Idiopathic Toe Walking and Bracing
by Andy Albrecht, DPT, PCS
Kids Place Central Clinic Manager
Idiopathic toe walking has long been a diagnosis pediatric physical therapists have difficulty treating. On the surface, it seems straight forward. A child has tight gastrocs (calves) and therefore walks on her tippy toes. By stretching out the calves, the child is able to touch the heel to the ground and improve their gait (walking) pattern. Success! – the child would walk with a nice heel-toe gait pattern. But then upon re-examination one or two weeks later, the child would be up on their tippy toes once again. Frustration sinks in – for me, the child, and their family – with the decreased longevity of carry-over.
For the longest time, there was minimal research into the best course of treatment for children who walk on their toes. Recently, I was able to attend a course spanning over two weekends fully devoted to the topic of idiopathic toe walking. Finally, I feel as though I gained some traction into the best treatment of children who toe walk. I could go on for quite some time about the different evaluation and treatment techniques for children who toe walk, but I would rather look into the role of orthotics in the treatment of children who toe walk.
Orthosis is defined as “an externally applied device used to modify the structural and functional characteristics of the neuromuscular and skeletal system (ISO 8549-1:1989).” Devices are usually prescribed to control, guide, limit, or immobilize an extremity, joint, or body segment. When looking specifically at orthotic management for the treatment of children who toe walk, we recommend two separate devices.
The first is a foot orthotic to control the pronated or “flat feet” that are commonly seen in children who walk on their toes. These inserts are typically worn on a daily basis to help control the alignment and stability of the foot to improve biomechanics and alignment of the legs.
The second device is an Ankle-Foot Orthosis (AFO). An AFO is a device the controls the ankle and foot running along the side and bottom of the foot, up the ankle, and ends below the knee joint. Most AFOs have an angle of the ankle set at 90 degrees (think of a right angle where your lower leg and foot meet). However, if a child presents with decreased ankle range of motion, it could be painful and/or detrimental to set the angle of this ankle this way.
Think about it this way – your calves are tight enough you can’t touch your heel to the ground. Then, you force your ankle to be at a 90-degree angle in an external device. Inevitably, there will be some compensation elsewhere in your body. Often times we will see pressure spots developing along the foot and ankle of a child with an AFO set up this way.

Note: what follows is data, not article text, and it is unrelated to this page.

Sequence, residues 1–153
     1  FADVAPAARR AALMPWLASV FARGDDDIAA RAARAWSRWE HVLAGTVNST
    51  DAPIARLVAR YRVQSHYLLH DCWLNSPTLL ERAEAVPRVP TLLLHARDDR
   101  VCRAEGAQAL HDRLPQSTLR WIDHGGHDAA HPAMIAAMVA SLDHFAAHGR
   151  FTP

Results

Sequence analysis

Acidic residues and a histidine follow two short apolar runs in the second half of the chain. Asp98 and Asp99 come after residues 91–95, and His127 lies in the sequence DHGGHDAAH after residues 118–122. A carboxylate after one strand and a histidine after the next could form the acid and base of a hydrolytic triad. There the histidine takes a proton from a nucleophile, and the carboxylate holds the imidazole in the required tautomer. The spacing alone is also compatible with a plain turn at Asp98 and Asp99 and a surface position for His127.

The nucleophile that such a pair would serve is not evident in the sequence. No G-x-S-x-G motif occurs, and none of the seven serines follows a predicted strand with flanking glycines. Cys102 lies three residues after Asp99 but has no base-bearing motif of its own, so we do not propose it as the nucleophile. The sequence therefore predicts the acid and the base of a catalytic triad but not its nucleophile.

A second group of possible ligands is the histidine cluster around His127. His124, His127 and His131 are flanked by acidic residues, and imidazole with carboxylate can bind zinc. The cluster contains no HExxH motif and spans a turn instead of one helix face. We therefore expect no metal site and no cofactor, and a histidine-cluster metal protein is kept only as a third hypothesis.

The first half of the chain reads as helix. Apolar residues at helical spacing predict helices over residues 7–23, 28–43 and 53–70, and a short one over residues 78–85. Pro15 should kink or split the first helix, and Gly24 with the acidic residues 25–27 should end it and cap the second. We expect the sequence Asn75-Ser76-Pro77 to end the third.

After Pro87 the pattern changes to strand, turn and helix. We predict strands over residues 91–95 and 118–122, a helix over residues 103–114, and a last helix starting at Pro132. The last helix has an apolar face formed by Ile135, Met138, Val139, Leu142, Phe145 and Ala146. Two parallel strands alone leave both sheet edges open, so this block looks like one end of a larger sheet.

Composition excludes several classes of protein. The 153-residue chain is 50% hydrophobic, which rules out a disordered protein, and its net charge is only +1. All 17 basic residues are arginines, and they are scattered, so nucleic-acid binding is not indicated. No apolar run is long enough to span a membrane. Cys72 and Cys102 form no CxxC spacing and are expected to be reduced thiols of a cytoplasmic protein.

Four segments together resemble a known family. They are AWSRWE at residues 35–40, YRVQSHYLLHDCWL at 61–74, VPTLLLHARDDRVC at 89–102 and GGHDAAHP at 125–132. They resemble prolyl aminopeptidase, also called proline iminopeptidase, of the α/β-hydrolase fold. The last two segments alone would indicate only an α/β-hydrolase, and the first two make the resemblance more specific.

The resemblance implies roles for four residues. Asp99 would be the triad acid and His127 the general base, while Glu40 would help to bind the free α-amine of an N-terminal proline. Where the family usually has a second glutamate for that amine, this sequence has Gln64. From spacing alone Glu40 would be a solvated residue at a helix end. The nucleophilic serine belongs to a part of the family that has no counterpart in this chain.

Another negative side effect is the child walking with their knees bent throughout the gait cycle. This is because the gastrocnemius is a muscle that crosses both the ankle and the knee joint. If the muscle is pulled to the extreme at the ankle, it will be tight enough to not allow the knee to straighten fully (fun little anatomy lesson for you!). For this reason, it is recommended that the angle of the ankle in the AFO (AA-AFO) be set in an appropriate amount of plantarflexion (pointing your toes). While this may sound counterintuitive, it has been shown time and time again to improve the child’s gait pattern.
In addition to having a plantar-flexed AA-AFO, the AFO is also inclined to improve the properties of a child’s gait pattern. This is because children who walk on their toes maintain the tibia (one of the bones between the knee and ankle) in a reclined position.
To illustrate this, try standing on your tippy toes. Now, without allowing your ankle to bend, put your heels on the ground. You should now be standing with your knees locked back (or hyperextended) and your trunk leaning forward. The position of the bone between your ankle and your knee is reclined from a vertical axis. Children who walk on their toes maintain this reclined position of the tibia throughout the gait cycle. In a typical gait pattern, the tibia must go through several important moments of achieving a vertical and inclined position. For this reason, an AFO should have an inclined position to allow for the appropriate timing of muscles and strengthening during the gait cycle.
Depending on the discussion between your physical therapist and orthotic specialist, these AFOs may be worn all day or for an hour of purposeful walking per day to improve the timing of muscles and gait pattern. As with any new skill, practice makes permanent. By walking with AFOs we are allowing for repetition after repetition of improved gait pattern allowing for stronger carry-over to improved gait pattern without the AFOs being worn.
This treatment technique is just a tiny sliver of the over arching picture to successful treatment of children who walk on their toes. If you have any questions, feel free to talk with your physical therapist or e-mail me directly!